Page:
Yep, it’s another Candlemass album alright! Is there much more that needs to be said? We’re talking about the literal granddaddies of doom-metal here, who, nearly four decades and thirteen albums in, surely aren’t that bothered about switching things up to win over the unconverted. Though maybe that can also be seen as complacency masked by legacy; they don’t need to do anything like that, but perhaps that’s why Sweet Evil Sun comes across like an older, less exciting album, one in which Candlemass’ coasting is mostly notable.
It’s rather obvious too, simply in the way that the album sounds. Here, Candlemass look to be facing a more classic, traditional metal sound in their guitar style—particularly that of Iron Maiden—only to land a tone that’s so unimpactful with nowhere near the sufficient power. For a band held to the self-imposed ‘epic doom-metal’ label, there’s not much that feels particularly grand, in what’s such a flat, leaden tone that truly starts to drag fairly early on.
Of course, criticising doom-metal for being slow is widely missing the point, but that doesn’t mean it has to plod along in such an obviously clunky way as this; it’s less stylistic deliberateness and more just plain drudgery. It’s that lack of lack of the ‘epic’ prefix that kneecaps Sweet Evil Sun almost all the way down. Admittedly, Candlemass hit a small stride right at the end with Crucified and Goddess, in which they rediscover the depth and drama that can make classic doom still enrapturing, but it’s the bookending run of nearly an hour’s worth a music, most of which doesn’t even come close to that.
Even compared to their last album, 2019’s The Door To Doom, it’s frankly astonishing how much deterioration has been undergone here, when the mixes sound so shallow and weak, to say nothing of Johan Langquist’s vocals. How he’s fallen this far in just three years is honestly mystifying, now with barely any resonance that exposes how craggy and clearly faltering in power he is, especially when he attempts some Bruce Dickinson-esque belts that sound awful. It doesn’t help that he’s mixed so far forward where his shortcomings are basically impossible to mask, and subsequently seems to suck away any legitimate power or presence from elsewhere. It can be the only explanation for why the drums wind up so flat and clunky across Devil Voodoo, or why Avantarium’s Jennie-Ann Smith sounds so thin and weedy on When Death Sighs, rather than bringing any potential grandiosity or might.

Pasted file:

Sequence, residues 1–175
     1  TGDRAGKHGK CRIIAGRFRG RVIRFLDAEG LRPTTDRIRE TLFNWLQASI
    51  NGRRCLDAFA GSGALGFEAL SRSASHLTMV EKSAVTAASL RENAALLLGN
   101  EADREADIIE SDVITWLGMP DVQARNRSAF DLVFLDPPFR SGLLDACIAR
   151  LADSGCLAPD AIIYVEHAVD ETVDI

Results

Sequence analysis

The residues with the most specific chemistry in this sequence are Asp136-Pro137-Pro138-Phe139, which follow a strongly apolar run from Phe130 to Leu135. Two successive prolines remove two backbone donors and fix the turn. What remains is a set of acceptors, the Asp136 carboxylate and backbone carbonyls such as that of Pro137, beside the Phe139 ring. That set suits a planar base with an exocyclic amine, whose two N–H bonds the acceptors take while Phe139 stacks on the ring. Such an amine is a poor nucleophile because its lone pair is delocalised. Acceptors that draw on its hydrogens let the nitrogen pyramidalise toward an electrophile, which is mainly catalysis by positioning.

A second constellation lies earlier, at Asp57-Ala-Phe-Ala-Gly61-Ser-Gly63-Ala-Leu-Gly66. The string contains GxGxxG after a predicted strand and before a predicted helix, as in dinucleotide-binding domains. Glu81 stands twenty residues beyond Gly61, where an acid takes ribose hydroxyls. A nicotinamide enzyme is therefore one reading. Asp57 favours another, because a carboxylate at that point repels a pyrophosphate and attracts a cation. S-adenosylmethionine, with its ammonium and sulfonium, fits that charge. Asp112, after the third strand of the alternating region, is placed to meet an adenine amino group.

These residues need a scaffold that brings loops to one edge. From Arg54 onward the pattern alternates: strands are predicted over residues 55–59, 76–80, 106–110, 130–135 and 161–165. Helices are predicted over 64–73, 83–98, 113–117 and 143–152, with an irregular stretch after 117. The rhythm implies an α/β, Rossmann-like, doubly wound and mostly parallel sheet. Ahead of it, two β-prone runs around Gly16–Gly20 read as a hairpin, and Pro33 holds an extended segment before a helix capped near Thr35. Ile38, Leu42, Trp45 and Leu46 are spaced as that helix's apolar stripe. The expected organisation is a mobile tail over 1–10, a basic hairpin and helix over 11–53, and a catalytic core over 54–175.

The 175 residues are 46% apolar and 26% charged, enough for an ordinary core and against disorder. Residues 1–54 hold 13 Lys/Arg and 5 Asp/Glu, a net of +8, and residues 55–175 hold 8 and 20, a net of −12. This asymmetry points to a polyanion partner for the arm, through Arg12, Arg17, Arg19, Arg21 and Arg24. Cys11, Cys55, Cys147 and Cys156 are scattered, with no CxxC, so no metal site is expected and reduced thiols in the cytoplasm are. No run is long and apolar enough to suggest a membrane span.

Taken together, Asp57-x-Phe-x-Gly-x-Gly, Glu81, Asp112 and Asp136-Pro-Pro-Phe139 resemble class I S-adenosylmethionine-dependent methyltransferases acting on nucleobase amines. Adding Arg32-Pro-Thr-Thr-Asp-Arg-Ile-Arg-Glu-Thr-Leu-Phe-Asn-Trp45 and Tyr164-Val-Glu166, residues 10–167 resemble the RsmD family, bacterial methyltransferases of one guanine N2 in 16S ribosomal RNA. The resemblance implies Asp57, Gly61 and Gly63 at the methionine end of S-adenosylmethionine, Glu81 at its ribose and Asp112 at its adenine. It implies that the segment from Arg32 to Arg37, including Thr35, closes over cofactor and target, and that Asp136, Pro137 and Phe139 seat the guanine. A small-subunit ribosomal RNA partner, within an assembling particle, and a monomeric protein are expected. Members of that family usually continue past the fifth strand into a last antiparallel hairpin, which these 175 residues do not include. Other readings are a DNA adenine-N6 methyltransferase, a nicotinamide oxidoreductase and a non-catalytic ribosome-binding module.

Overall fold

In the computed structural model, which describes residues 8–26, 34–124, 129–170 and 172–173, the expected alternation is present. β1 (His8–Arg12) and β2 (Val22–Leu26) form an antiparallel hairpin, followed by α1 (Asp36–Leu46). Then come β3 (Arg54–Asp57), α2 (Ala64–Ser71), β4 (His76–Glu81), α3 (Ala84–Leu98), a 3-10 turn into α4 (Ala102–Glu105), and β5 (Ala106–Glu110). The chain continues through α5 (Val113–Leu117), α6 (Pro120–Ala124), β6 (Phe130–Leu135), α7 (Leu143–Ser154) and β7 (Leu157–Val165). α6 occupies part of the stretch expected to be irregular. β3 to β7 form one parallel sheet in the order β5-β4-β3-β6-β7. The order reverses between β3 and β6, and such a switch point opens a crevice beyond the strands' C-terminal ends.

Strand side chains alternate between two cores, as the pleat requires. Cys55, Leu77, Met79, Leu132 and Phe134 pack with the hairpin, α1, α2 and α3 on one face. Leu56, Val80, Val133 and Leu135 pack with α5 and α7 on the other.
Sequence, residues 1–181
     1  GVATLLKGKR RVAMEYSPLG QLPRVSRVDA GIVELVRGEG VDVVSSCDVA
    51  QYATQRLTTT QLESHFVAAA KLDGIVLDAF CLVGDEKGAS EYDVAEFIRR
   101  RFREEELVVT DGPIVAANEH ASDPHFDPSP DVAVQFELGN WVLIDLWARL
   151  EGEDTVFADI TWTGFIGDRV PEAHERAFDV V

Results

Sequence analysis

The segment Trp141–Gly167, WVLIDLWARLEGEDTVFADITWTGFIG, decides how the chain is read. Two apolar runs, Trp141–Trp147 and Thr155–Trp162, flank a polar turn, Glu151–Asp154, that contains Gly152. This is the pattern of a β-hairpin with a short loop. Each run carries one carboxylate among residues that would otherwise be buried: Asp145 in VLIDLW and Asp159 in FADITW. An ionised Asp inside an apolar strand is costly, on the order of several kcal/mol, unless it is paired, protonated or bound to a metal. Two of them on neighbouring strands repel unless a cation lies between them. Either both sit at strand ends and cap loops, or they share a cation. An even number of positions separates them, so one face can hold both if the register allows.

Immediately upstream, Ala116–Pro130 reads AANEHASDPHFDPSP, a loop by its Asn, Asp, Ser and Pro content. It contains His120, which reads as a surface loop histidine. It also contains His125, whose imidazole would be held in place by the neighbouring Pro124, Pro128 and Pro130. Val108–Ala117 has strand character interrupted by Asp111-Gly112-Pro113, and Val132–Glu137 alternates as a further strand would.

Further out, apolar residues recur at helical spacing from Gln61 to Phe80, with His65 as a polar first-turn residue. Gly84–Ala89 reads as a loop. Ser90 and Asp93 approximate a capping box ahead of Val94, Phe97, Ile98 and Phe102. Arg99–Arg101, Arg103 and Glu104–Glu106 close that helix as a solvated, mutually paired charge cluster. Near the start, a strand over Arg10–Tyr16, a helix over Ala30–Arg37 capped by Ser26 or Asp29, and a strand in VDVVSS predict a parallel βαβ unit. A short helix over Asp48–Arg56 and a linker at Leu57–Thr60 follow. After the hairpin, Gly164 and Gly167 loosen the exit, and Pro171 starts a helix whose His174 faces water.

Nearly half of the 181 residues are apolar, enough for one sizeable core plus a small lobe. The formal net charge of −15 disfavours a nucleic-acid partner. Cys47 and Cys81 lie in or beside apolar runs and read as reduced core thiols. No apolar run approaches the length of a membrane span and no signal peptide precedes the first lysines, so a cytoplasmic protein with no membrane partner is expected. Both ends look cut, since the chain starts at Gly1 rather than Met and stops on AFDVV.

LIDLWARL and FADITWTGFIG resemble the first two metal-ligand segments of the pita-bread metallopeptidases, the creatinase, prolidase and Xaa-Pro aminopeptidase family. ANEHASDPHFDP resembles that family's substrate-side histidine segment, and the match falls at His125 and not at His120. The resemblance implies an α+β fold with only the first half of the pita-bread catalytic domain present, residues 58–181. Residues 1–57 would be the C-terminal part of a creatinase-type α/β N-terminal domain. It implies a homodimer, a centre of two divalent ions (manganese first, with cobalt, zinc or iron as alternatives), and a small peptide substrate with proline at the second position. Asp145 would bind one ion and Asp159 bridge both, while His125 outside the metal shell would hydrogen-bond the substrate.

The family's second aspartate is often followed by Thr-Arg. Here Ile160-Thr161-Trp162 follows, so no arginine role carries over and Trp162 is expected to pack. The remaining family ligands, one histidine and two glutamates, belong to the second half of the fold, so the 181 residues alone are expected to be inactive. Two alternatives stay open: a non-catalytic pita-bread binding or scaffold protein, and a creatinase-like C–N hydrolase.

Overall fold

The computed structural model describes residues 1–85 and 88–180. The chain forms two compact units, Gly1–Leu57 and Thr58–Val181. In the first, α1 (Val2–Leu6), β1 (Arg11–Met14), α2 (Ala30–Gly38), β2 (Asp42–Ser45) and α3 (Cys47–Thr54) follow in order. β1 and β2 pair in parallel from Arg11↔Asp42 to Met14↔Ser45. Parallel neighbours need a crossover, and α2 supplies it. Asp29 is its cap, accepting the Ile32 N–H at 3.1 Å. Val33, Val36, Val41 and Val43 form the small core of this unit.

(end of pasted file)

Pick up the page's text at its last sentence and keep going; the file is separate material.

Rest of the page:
The most disappointing thing is that this isn’t impossible to rectify, by any means. Candlemass are still on the same creative wavelength as ever, be that in the penchant for wide, spiraling songs, or writing that’s still deeply ingrained in the doom-metal playbook. A bit of redressing is all that’s really needed to make this a regular Candlemass album, at the very least. And that’s what makes it so hard to understand why Sweet Evil Sun sounds the way it does, clunking along with precious little command of atmosphere or depth within its darkness. It’s more an unbalanced facsimile of what Candlemass usually are, sucking away the mystique and ending up significantly hollow.
And while all of that might seem to contradict the original thesis opening this review of Sweet Evil Sun being ‘just another Candlemass album’, that’s still true. At their essence, Candlemass are carrying on as they always have, and the fact that’s yielded an album that’s dropped off this steeply makes it even more worth bringing up, when that’s so inexplicable. There’s no need for Sweet Evil Sun to sound as inadequate as it does; they’ve got the same lineup and producer as last time, so why has this turned out as it has? Perhaps that’ll never be answered, and Candlemass’ impressive legacy up to now can chalk this up to merely a bad day at the office. Hopefully they can rectify that next time, and turn in something actually befitting of their lofty status.
For fans of: Black Sabbath, Cathedral, Iron Maiden
‘Sweet Evil Sun’ by Candlemass is released on 18th November on Napalm Records.
Words by Luke Nuttall